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Product standards, imperfect competition and completion of the market in the European Union

Listed author(s):
  • Harrison, Glenn
  • Rutherford, Thomas
  • Tarr, David
  • DEC

The authors model the static and steady-state effects on trade, production, and market structure of completion of the European Union's (EU's) internal market. The impetus for change comes from the removal of border costs and the costs of producing to different national standards. It also comes from consumers'greater ability to substitute among the products of producers in different EU countries, once the European Union adopts its program on standards. In the analysis of the static scenario, removing border costs and the costs of supply-side standards improves the welfare of EU countries by only about 0.5 percent of Gross Domestic Product (GDP). Results vary greatly across the countries of the European Union, however, because the benefits to a country are roughly proportional to its share of intra-EU trade in its GDP. This is the first model to identify these countrydifferences because of the greater country disaggregation. The additional effect of the program of standards on consumer demand elasticities increases the competition and reduces markups in imperfectly competitive industries. Then there are additional gains from rationalization, as well as consumer efficiency gains in imperfectly competitive sectors, that result in an increase in the estimated gains to about 1.2 percent of GDP (again with wide differences across EU countries). The steady-state results let the capital stock in each country adjust to its new higher equilibrium value, which acts as an additional endowment of capital, allowing the European Union to produce a higher level of income. The gains to the European Union then rise to about 2.6 percent of GDP.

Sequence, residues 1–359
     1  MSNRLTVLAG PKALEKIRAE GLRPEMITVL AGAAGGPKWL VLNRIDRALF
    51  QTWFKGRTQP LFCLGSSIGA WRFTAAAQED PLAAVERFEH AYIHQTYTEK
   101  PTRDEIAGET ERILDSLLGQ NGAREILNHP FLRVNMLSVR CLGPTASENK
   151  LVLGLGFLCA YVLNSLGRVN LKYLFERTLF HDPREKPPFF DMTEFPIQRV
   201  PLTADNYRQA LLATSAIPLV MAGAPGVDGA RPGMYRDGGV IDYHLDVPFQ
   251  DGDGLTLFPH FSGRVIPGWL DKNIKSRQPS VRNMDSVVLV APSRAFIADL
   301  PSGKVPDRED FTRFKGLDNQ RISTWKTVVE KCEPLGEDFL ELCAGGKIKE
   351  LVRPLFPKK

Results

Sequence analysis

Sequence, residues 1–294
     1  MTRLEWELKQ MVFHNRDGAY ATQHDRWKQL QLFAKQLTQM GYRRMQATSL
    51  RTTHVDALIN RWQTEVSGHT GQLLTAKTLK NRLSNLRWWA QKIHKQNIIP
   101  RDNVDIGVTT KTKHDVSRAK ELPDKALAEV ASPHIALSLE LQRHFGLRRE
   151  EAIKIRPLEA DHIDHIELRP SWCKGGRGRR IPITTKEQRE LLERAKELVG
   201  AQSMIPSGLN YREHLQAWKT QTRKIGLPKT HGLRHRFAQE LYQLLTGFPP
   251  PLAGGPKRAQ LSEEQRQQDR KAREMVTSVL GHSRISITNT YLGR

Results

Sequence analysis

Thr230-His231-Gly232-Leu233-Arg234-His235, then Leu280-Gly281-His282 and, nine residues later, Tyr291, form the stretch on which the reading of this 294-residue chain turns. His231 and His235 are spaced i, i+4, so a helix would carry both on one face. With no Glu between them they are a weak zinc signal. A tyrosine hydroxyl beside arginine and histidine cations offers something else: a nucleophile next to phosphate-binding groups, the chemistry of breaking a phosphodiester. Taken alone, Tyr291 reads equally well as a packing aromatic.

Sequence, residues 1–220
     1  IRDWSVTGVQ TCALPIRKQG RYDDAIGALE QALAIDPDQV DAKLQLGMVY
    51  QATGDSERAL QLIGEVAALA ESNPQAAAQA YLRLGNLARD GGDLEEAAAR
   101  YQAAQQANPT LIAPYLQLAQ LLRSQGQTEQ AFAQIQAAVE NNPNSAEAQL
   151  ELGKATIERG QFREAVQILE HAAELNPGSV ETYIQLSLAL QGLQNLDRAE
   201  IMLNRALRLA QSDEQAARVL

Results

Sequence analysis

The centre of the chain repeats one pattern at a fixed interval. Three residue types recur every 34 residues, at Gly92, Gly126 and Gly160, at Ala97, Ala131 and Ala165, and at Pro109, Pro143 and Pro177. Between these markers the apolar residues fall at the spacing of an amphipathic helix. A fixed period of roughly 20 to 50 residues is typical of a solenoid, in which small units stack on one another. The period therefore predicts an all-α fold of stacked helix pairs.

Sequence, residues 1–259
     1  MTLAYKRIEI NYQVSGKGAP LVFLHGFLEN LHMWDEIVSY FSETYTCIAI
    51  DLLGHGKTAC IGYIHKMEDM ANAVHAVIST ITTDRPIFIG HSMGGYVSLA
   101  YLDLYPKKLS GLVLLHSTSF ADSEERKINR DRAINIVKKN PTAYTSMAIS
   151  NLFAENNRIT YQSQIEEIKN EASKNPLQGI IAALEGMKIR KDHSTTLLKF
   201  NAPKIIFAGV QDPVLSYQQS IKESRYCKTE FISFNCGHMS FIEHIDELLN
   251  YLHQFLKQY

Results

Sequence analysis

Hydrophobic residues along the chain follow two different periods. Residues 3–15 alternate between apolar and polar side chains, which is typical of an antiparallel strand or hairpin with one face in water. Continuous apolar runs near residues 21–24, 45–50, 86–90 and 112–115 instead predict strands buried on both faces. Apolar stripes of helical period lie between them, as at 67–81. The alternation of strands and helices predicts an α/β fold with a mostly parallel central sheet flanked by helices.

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Paper provided by The World Bank in its series Policy Research Working Paper Series with number 1293.

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Date of creation: 30 Apr 1994
Handle: RePEc:wbk:wbrwps:1293
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  1. Kindleberger, Charles P, 1983. "Standards as Public, Collective and Private Goods," Kyklos, Wiley Blackwell, vol. 36(3), pages 377-396.
  2. George A. Akerlof, 1970. "The Market for "Lemons": Quality Uncertainty and the Market Mechanism," The Quarterly Journal of Economics, Oxford University Press, vol. 84(3), pages 488-500.
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